Sometimes it feels like those of us who have fallen between the cracks of the Gen X/Gen Y divide have found a way to embrace nearly every generation’s cheesy popular music but our own. I’ve seen my share of late-twenty- to early-thirty-somethings trumpet the virtues of disco, synth pop, hair metal, all the way up to the present with Ke$ha and Gaga, but just try to turn the subject to Soundgarden or Sponge and you’re likely to be met with a blank stare. And while there’s plenty of reasons to write off the radio rock of the mid-to-late 90s, I can’t help but think that many of us do it because being confronted with a Superdrag album makes us vaguely uncomfortable. The Scorpions were nothing but a band that our skeezy uncle listened to. None of us ever walked around with a Flock of Seagulls hairdo (or if we did, it wasn’t because we actually thought it made us look good). But there’s no ironic distance between us and the 1990s. Candlebox, Everclear, and Bush were right there when our voices changed, when we started to notice hair in strange places, when we had our first nocturnal emission. They were the soundtrack to the most blindingly awkward years of our lives, and we loved them with a passion so pure and uncalculated that it could only have come from someone who just flat-out didn’t know any better.
Yet while many of us have turned a cold shoulder towards what became popularly known as “grunge rock” and its nebulous, bastard offspring “post-grunge,” the music industry moves in cycles, and now that 1990 happened over two decades ago, more than a few young artists have gotten to thinking that the 21st century might just be in need of that old Seattle sludge. Enter: Brighton duo Blood Red Shoes. Guitarist Laura-Mary Carter and drummer Steven Ansell make no bones about their intentions, asserting that the inspiration behind Fire Like This was “to make a record like Nirvana’s In Utero – a rock record with real heart, no macho crap.” Even in the absence of such declarations, it’s not hard to hear the influence of Nirvana on some of the songs here. “Count Me Out” and “One More Empty Chair” pivot upon the quiet verse/LOUD CHORUS dynamics popularized by Cobain, and the backing chant of “heys” on the refrain of “Light It Up” push that song straight into homage territory. These overt evocations of a bygone decade are balanced out by angular dance rock anthems in the vein of Bloc Party, like the kick-drum and hi-hat heavy “Heartsink.” The resulting album gains a measure of variety, then, but it’s the variety that arises from the vacillation between yesterday’s tired trope and today’s.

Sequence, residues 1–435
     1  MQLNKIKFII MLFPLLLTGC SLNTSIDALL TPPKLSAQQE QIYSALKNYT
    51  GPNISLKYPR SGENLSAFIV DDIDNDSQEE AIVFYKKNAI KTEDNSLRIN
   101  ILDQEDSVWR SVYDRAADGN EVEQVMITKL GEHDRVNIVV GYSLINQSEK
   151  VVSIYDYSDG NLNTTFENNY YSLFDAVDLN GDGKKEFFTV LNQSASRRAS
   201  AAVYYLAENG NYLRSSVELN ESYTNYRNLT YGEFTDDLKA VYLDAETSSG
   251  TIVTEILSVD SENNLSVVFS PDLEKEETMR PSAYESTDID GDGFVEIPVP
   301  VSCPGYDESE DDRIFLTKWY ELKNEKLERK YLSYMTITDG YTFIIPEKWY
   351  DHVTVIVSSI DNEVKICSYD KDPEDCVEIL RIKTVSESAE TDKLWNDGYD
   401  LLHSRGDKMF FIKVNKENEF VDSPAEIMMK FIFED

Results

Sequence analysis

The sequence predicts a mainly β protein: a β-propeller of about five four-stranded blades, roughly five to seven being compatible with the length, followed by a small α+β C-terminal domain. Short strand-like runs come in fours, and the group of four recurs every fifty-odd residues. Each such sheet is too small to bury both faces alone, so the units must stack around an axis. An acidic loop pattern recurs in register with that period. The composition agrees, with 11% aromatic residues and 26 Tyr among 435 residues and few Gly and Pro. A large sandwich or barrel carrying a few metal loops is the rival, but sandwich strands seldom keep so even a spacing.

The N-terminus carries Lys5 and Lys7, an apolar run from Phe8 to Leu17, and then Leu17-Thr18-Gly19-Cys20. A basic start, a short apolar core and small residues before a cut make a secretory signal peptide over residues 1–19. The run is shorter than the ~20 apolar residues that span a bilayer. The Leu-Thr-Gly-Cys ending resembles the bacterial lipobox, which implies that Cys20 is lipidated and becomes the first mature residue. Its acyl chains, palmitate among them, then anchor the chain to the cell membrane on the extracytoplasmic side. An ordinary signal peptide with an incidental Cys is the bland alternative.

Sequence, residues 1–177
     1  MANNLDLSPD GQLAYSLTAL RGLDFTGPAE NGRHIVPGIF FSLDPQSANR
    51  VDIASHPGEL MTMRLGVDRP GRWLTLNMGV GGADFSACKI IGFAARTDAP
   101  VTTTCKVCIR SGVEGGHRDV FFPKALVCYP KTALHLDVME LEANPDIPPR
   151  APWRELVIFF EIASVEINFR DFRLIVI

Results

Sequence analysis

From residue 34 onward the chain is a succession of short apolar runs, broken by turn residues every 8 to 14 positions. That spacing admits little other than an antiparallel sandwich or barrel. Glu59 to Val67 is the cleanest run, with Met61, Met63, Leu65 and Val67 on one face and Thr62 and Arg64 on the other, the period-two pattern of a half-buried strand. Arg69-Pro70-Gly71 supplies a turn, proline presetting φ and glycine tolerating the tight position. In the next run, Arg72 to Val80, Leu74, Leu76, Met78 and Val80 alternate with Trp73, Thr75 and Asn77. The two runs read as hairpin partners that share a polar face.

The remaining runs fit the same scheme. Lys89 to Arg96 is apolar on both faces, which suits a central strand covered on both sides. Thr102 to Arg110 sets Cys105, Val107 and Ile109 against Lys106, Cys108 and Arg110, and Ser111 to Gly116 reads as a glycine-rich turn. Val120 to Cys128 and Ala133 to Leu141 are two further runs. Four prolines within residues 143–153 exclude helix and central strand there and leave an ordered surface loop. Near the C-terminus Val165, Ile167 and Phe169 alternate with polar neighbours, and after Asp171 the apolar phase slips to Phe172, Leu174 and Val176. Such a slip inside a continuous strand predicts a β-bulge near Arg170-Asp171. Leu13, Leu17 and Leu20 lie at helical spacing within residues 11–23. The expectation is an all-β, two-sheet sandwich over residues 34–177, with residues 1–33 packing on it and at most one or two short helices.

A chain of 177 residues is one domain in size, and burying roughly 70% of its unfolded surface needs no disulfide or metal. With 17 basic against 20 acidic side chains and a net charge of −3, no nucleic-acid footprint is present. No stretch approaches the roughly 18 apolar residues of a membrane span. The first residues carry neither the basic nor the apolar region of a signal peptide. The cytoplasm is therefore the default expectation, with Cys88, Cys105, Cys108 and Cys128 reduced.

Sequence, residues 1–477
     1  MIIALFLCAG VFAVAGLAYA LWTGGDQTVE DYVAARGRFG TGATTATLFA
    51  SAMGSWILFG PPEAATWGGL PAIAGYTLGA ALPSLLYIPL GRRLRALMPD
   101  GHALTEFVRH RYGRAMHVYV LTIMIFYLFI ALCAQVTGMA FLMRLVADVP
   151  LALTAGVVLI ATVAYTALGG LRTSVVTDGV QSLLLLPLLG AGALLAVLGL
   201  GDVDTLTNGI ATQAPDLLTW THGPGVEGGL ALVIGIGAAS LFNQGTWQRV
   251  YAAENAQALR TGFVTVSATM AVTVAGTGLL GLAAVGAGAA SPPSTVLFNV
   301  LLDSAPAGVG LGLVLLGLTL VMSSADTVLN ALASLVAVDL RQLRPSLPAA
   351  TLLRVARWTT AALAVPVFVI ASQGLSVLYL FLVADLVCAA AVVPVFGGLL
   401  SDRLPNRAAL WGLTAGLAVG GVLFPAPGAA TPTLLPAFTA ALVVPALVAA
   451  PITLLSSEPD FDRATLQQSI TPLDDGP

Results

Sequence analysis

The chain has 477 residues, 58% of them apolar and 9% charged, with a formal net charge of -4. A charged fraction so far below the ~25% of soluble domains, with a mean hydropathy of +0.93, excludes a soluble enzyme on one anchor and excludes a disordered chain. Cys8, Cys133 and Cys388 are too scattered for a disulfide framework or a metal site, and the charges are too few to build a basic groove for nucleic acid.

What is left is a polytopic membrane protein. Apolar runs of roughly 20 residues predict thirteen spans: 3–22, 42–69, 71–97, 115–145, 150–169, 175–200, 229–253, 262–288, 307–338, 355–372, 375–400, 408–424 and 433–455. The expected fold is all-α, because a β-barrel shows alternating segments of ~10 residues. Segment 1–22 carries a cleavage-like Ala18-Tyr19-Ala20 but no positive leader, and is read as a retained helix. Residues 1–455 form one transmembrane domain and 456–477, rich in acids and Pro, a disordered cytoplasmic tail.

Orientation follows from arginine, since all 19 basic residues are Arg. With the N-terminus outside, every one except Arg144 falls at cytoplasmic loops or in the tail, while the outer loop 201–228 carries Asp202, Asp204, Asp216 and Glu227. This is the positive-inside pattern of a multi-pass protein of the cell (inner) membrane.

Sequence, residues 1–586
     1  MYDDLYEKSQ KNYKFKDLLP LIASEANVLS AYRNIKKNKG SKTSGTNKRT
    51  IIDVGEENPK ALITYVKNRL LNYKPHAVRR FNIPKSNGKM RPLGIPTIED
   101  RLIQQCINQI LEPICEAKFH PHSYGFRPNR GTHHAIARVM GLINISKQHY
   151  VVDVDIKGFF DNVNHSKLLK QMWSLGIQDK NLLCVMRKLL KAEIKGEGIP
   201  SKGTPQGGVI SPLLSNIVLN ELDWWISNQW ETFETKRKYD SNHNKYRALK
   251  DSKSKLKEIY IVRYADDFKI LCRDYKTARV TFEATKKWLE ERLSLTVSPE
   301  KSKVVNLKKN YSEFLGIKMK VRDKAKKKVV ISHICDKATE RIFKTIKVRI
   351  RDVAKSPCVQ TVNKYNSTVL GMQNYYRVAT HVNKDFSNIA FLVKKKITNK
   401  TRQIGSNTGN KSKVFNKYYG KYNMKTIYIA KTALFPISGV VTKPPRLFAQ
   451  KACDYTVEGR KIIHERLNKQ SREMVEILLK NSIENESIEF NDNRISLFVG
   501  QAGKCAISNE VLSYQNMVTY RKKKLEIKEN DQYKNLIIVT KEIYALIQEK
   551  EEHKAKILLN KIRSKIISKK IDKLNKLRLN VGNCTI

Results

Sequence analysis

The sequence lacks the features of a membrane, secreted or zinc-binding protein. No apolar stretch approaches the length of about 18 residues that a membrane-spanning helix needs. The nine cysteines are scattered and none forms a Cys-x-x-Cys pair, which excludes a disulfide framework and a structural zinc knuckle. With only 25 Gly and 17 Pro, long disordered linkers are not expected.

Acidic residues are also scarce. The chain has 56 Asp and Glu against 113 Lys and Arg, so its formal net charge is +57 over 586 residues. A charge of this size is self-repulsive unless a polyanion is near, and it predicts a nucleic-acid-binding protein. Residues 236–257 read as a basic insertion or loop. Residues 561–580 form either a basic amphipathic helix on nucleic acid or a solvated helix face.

Despite what might have been the band’s best intentions, it’s pretty hard to make an honest album by Frankensteining together some of the most ubiquitous sounds of contemporary rock. Aside from the basic structural similarities to some of Nirvana’s most popular singles, there is nothing here as confrontational as the self-sabotaging shrieks of feedback lunging against the bars of In Utero’s tightly-constructed pop prisons. Similarly lacking is any real depth or meaning to the lyrics. One of the chief criticisms of grunge and post-grunge was its self-seriousness, its bold claims to earnestness and uncompromising truthfulness that were only seldom played out in the music itself. Like many of their predecessors, Blood Red Shoes pack their songs with a lot of easy phrases that sound defiant, angsty, and introspective on a cursory listen, but are actually fairly trite and meaningless. And frankly, some of the lyrics don’t even hold together on a sentence-level, like Ansell’s repetition of ”Cause it/ Looks like that you’ve got more to learn” on “Don’t Ask.” Maybe profundity is too much to expect out of a pop rock record, but surely basic English syntax isn’t?
Blood Red Shoes sound at their best when they manage to reign in their musical touch points and put them to work in their service. By far the most effective song on here is the mid-album cut “When We Wake.” The duo sets up a nice tension between Carter’s lonely guitar line and Ansell’s galloping drumbeat, and the simple repetition of the lines ”In the end is this all we can ask for?/ Breathing every day and night just waiting/ Broken in pieces” throughout the song lends a gravitas to the words that far exceeds their literal meaning. This is an isolated moment on Fire Like This, though. More often, they seem too content to just regurgitate someone else’s sound, and when they do attempt to put their own stamp on things, like the quote-unquote epic seven-minute album closer “Colours Fade,” the results tend to sputter out without ever really igniting.
The disaffected 12-year-old inside of me is still holding out for that glorious moment when someone nails the grunge rock revival album, producing a work that takes us back to our flannel shirt days, while still offering something new, vital, and relevant. But it’s likely that we’ll need a little more time before that happens. While the 90s may feel like a long time ago, we’ve only just recently crawled out from under Seattle’s shadow, thanks to bands like Creed, Godsmack, Audioslave, and Velvet Revolver. Let’s just let it rest a little while longer, shall we?